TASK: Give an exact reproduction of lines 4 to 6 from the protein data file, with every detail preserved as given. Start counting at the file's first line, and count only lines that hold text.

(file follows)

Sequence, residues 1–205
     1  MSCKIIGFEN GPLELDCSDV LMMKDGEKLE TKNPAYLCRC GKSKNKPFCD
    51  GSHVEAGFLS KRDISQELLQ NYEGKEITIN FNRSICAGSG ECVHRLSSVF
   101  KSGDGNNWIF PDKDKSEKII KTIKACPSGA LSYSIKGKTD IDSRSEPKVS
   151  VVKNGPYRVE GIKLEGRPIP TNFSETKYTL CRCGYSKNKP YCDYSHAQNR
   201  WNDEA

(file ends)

   101  KSGDGNNWIF PDKDKSEKII KTIKACPSGA LSYSIKGKTD IDSRSEPKVS
   151  VVKNGPYRVE GIKLEGRPIP TNFSETKYTL CRCGYSKNKP YCDYSHAQNR
   201  WNDEA